Tuesday, February 11, 2014

The lies governments tell, Colorado style

Coloradans are up in arms about a plan to privatize a major highway that, they say, could result in $28 tolls between Denver and Boulder. Advocates, predictably, are claiming the private sector can shave 20 to 25 percent off construction.

British economist John Weeks unpacks such lies about privatization on the Real News. He points out the idea that government is inherently inefficient is beaten into people's heads every day:
You’ll learn that, say, the environmental agency wastes money building something or other, whether it be subsidizing wind farms or subsidizing people to do research on non-carbon-based energies. But this is peanuts compared to the private sector. I mean, you have these executives who oversaw the collapse of the financial system, and each year they’re getting bonuses of up to $100 million, $300 million. Well, I mean, if this isn’t a waste, what is? And then, in addition, many of these companies produce things that are absolutely useless for the economy, making billions of dollars out of producing so-called financial products which led to the collapse of the economy. 
But the idea’s been sold. You know, government is inefficient. We’ll make it as small as possible.... It ought to be leaner and more effective. 
This is nonsense. The government sector needs to be larger. Just about all of the basic things governments do they do more effectively and cheaper than the private sector. One of the best examples is pensions. The U.S. Social Security system is much more efficient than anything in the private sector. And that is because the government doesn’t charge you a handling fee and doesn’t run a profit doing it.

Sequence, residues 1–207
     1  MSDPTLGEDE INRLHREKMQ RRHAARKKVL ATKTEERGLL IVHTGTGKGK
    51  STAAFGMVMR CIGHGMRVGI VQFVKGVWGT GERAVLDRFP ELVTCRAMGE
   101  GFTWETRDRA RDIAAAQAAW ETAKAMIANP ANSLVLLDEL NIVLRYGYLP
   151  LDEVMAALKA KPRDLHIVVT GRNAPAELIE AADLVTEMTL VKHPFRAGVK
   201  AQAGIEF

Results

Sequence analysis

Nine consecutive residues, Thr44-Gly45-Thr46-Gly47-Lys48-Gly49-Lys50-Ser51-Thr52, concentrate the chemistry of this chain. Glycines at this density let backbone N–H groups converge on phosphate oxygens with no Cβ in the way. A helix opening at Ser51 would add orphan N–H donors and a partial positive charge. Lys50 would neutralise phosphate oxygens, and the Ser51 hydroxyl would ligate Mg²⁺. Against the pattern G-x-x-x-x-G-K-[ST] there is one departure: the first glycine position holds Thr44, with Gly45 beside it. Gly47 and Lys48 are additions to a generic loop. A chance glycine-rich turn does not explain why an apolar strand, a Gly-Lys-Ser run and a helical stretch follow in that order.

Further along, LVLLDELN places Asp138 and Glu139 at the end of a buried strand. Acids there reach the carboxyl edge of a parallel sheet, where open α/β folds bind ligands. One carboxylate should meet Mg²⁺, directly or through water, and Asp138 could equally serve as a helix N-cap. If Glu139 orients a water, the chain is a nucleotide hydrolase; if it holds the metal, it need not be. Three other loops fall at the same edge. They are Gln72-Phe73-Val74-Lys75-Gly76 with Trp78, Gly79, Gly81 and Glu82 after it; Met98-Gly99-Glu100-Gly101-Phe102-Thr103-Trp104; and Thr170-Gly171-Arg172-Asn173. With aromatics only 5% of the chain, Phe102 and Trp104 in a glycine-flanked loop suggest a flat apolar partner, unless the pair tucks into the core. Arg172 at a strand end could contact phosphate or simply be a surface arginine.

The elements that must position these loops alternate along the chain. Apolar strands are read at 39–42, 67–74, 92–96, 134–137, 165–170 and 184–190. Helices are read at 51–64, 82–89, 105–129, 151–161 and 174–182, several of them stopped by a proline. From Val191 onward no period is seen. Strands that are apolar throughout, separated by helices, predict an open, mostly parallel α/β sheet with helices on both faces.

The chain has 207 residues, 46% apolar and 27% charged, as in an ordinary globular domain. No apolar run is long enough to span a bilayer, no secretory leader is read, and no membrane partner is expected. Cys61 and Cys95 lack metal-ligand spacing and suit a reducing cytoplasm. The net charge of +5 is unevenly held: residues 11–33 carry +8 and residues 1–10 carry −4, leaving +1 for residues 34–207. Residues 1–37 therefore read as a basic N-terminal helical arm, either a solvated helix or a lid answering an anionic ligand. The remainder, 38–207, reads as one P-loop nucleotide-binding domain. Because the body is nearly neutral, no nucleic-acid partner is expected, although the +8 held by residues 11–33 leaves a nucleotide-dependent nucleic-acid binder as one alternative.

Tell that to Colorado. Direct Democracy tells us:
Nine Colorado public highways being sold to foreign toll road firms over the next 12 months starting with US 36. I-70 in downtown Denver/mountains, C-470 and I-25 from Denver to Ft. Collins are all being privatized and tolled.
Democrats in the Legislature have managed to postpone the sale. It's a good thing, too. Here's why:
Round trip from Denver to Boulder will cost $28 in the express lane during rush hour. Toll cost is indexed to inflation and will rise much higher over the next half century. 
The amount of profit Goldman Sachs and Plenary will make from US 36 is a CDOT secret that is being kept from the Colorado taxpayers and elected officials. 
The expensive toll lane addition will mean highly congested free lanes. It will become illegal for the state of Colorado to add additional free lanes to US 36 without compensating the toll operator for 50 years of decreased toll revenue. 
Colorado elected officials are not being allowed to review the secret 50 year contract terms before the state privatization board, the HPTE, signs the contract.
We call it paving the road to serfdom.